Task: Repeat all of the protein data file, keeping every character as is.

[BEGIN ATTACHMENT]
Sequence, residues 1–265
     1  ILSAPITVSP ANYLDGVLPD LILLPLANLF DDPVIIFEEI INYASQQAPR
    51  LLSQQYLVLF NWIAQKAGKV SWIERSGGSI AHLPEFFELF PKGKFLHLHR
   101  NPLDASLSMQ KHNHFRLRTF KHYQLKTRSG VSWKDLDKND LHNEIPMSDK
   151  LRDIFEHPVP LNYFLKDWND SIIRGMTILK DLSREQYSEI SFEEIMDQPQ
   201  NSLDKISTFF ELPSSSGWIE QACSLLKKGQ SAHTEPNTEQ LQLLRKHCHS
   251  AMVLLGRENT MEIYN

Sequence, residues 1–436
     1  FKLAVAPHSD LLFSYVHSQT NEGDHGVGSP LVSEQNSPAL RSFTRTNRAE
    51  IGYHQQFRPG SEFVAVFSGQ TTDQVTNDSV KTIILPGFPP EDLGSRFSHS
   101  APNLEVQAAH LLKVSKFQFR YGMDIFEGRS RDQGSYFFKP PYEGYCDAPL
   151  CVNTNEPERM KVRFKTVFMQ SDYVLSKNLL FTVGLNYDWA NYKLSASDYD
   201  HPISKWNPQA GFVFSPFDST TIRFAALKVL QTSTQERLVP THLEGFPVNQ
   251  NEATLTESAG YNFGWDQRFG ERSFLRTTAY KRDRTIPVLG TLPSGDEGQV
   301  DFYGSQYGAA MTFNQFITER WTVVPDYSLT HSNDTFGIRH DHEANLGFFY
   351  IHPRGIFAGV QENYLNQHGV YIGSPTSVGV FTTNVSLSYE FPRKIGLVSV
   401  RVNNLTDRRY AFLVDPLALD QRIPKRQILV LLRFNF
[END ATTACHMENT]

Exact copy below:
Sequence, residues 1–265
     1  ILSAPITVSP ANYLDGVLPD LILLPLANLF DDPVIIFEEI INYASQQAPR
    51  LLSQQYLVLF NWIAQKAGKV SWIERSGGSI AHLPEFFELF PKGKFLHLHR
   101  NPLDASLSMQ KHNHFRLRTF KHYQLKTRSG VSWKDLDKND LHNEIPMSDK
   151  LRDIFEHPVP LNYFLKDWND SIIRGMTILK DLSREQYSEI SFEEIMDQPQ
   201  NSLDKISTFF ELPSSSGWIE QACSLLKKGQ SAHTEPNTEQ LQLLRKHCHS
   251  AMVLLGRENT MEIYN

Sequence, residues 1–436
     1  FKLAVAPHSD LLFSYVHSQT NEGDHGVGSP LVSEQNSPAL RSFTRTNRAE
    51  IGYHQQFRPG SEFVAVFSGQ TTDQVTNDSV KTIILPGFPP EDLGSRFSHS
   101  APNLEVQAAH LLKVSKFQFR YGMDIFEGRS RDQGSYFFKP PYEGYCDAPL
   151  CVNTNEPERM KVRFKTVFMQ SDYVLSKNLL FTVGLNYDWA NYKLSASDYD
   201  HPISKWNPQA GFVFSPFDST TIRFAALKVL QTSTQERLVP THLEGFPVNQ
   251  NEATLTESAG YNFGWDQRFG ERSFLRTTAY KRDRTIPVLG TLPSGDEGQV
   301  DFYGSQYGAA MTFNQFITER WTVVPDYSLT HSNDTFGIRH DHEANLGFFY
   351  IHPRGIFAGV QENYLNQHGV YIGSPTSVGV FTTNVSLSYE FPRKIGLVSV
   401  RVNNLTDRRY AFLVDPLALD QRIPKRQILV LLRFNF